ERIC Number: EJ1023418
Record Type: Journal
Publication Date: 2013
Abstractor: As Provided
Massive Open Online Courses: Disruptive Innovations or Disturbing Inventions?
de Langen, Frank; van den Bosch, Herman
Open Learning, v28 n3 p216-226 2013
According to Christensen and Horn, Massive Open Online Courses (MOOCs) are serving non-consumers. Although they are limited in the services they provide compared with traditional colleges, they offer free and accessible education to a broader audience, who cannot afford the traditional provision. However, this is a characteristic of online distance learning in its broadest sense, as can be read in the reports of UNESCO. For MOOCs to be disruptive, they have to: open up markets by competing with the existing firms using low-cost business models; improve beyond the level of the original competitors, taking price differences into account; and improve quality and replace the established firms. In this article, we are going to look at whether MOOCs are really disruptive innovations, or educational innovations that disturb the present state without driving out old educational business models. Based on the three characteristics of Christensen and Horn, our conclusion will be that the latter is the case. This does not mean that traditional education can ignore MOOCs, open educational resources and other forms of online distance learning, but that it will not be a direct competitor for degree-searching students.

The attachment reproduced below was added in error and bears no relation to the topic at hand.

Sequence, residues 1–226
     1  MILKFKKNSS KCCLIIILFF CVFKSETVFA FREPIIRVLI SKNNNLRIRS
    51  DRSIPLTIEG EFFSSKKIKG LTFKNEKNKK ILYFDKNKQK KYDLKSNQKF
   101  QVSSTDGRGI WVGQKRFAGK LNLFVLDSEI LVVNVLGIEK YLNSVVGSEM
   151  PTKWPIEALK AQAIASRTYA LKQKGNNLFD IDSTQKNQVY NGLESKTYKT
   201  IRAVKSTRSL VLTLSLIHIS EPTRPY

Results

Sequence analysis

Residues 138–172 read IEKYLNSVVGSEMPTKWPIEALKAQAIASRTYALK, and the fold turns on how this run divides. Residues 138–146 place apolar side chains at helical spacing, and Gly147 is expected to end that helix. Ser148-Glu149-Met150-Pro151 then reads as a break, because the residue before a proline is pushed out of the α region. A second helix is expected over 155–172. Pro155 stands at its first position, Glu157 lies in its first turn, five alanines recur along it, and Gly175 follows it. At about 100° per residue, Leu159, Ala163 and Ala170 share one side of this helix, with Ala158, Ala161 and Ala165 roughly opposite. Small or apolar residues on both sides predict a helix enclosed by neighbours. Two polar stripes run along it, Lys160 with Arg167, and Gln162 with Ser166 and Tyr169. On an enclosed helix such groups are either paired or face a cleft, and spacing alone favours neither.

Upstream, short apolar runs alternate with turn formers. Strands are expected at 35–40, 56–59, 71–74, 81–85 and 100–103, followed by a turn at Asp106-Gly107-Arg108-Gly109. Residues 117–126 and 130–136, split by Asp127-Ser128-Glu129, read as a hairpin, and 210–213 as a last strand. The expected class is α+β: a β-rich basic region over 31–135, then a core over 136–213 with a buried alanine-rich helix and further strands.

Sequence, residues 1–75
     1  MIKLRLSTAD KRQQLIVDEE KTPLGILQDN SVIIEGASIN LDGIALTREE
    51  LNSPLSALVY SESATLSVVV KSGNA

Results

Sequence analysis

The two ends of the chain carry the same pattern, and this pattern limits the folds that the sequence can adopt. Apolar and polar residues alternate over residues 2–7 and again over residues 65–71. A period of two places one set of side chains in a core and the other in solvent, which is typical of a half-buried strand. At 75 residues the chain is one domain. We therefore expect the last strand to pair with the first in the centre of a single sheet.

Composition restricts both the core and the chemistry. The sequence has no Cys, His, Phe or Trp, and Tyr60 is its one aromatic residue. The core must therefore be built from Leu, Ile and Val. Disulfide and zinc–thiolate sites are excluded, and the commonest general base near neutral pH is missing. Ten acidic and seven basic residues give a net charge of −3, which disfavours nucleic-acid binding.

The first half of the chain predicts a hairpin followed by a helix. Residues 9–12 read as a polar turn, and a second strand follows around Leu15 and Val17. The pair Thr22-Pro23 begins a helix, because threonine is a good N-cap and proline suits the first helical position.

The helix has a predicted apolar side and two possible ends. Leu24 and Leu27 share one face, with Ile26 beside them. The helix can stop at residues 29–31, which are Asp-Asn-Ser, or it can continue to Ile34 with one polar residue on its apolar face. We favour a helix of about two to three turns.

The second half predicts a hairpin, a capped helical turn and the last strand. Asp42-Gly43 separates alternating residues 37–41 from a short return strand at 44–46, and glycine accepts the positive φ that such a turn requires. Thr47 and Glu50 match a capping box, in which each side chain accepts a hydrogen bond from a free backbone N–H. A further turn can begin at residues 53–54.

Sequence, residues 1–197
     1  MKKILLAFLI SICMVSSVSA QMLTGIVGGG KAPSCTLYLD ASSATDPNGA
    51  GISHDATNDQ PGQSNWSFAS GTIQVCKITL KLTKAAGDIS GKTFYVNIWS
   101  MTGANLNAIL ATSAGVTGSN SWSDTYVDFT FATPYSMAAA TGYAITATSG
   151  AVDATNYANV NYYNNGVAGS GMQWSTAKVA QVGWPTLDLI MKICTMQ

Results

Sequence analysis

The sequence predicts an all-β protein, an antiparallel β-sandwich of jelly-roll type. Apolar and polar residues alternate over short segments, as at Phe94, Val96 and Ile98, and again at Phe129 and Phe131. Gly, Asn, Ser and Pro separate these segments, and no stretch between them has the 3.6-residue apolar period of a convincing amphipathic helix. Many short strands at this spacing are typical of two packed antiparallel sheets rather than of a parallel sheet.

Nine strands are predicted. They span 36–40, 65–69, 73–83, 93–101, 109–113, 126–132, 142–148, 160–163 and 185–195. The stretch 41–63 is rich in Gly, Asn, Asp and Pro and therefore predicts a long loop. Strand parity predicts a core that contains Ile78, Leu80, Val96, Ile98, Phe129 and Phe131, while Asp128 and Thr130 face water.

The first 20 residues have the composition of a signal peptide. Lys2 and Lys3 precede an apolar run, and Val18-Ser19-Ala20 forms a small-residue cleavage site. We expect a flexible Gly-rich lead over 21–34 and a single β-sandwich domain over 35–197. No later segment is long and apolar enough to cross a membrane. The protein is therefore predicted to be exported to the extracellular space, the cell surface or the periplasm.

Descriptors: Online Courses, Distance Education, Adult Education, Educational Quality, Models, Standards, Educational Change, Academic Degrees, Innovation, Large Group Instruction, Open Universities, Access to Education
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Publication Type: Journal Articles; Reports - Evaluative
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